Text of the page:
Just confirm that these 3 elements are optimized in such how that a possible client easily understands what you are doing which you’ll help them solve a drag they’re having.

Now you’ll escape with not optimizing your profile, but any work you’ll be doing to land clients on LinkedIn simply won’t be as effective. 

So keep that in mind if you’re getting to skip this.

Reaching bent 1st-degree connections

Again, confirm to travel through the previous steps. Optimizing your profile is often fun but don’t spend an excessive amount of time there (…well, I feel it’s fun).

The easiest strategy people often overlook is to start outreaching and building your network.

These are folks that already know you or a minimum of accepted your friend request.

Of course, if you don’t have connections on LinkedIn, this is often useless to you. But if you are doing it, I’d always recommend first reaching out to them.

Now if you’ve got many friends already, there are LinkedIn automation tools that will assist you to automate your process for sending messages.

It’s awesome because some tools also allow you to export all of your contacts to a CSV file, then you’ll enter there, remove people from your list you don’t want to message, supplying you with a pleasant clean list.

Generally speaking, I might recommend sending just 1 message to people you’ve already had in your network for quite a while but never engaged with. 

Or a minimum of not in a while.

People you’ve already known for years probably wouldn’t appreciate it if you’re spamming their inbox with repetitive messages about your business, albeit you specialize in helping them.

As for a way to message people? Let’s dive into it.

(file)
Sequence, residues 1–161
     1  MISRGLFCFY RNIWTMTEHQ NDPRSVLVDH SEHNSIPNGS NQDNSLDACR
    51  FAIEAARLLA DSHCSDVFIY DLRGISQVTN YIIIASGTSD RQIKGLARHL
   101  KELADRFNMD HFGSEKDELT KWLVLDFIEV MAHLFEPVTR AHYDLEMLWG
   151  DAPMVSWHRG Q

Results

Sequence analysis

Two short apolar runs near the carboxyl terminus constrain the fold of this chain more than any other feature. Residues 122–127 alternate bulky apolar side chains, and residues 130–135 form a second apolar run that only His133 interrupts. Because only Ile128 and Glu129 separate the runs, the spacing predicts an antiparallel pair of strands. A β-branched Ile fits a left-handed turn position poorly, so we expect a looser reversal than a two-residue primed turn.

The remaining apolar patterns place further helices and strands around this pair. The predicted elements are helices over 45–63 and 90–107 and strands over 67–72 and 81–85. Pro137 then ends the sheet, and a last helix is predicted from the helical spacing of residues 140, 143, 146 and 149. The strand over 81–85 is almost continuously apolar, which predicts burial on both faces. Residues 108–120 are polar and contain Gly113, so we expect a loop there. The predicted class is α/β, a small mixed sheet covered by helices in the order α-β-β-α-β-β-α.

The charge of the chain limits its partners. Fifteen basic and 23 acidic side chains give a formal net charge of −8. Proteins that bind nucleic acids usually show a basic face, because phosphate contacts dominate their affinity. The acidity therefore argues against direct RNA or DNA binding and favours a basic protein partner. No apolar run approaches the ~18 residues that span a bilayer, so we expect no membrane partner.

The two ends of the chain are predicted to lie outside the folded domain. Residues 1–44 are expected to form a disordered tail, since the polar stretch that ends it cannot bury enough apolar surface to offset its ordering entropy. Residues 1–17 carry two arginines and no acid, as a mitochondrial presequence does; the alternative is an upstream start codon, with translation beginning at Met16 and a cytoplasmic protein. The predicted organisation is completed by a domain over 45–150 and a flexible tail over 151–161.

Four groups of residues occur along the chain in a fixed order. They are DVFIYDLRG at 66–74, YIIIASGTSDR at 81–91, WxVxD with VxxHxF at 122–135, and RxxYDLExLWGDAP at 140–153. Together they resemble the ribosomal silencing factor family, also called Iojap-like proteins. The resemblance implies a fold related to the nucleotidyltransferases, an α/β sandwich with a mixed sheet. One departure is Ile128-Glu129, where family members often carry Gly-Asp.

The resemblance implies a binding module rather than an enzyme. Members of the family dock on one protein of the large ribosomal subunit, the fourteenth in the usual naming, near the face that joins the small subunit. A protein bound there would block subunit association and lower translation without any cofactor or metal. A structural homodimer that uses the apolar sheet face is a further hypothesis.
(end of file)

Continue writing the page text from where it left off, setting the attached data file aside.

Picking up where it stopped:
So this was a relevant message to interact with my connections by sending them a private message. And since it’s focused on helping people, 

I got a significant amount of individuals replying and offering their help to attach me to people in need.

Hopefully, this instance gives you a thought of the type of message you’ll write yourself. No got to copy the message, just use it to see how to structure your message. 

The key point is to write down something “socially selling” your services in a cool way that relates to people. 

Don’t just sum up the items you are doing, but check out how you’ll help someone. 

And like I did, if it’s someone that isn’t directly the owner of a business, invite an introduction. You’d be surprised at what might happen once you ask!

How to use LinkedIn Sales Navigator to land clients


This is where we start sending cold messages to people we haven’t connected with already. And yes, at this stage we’ll use a sequence of messages. 

If you’ve never used LinkedIn Sales Navigator, you’ll check-in for a 30-day trial. then, it’s around $80 per month.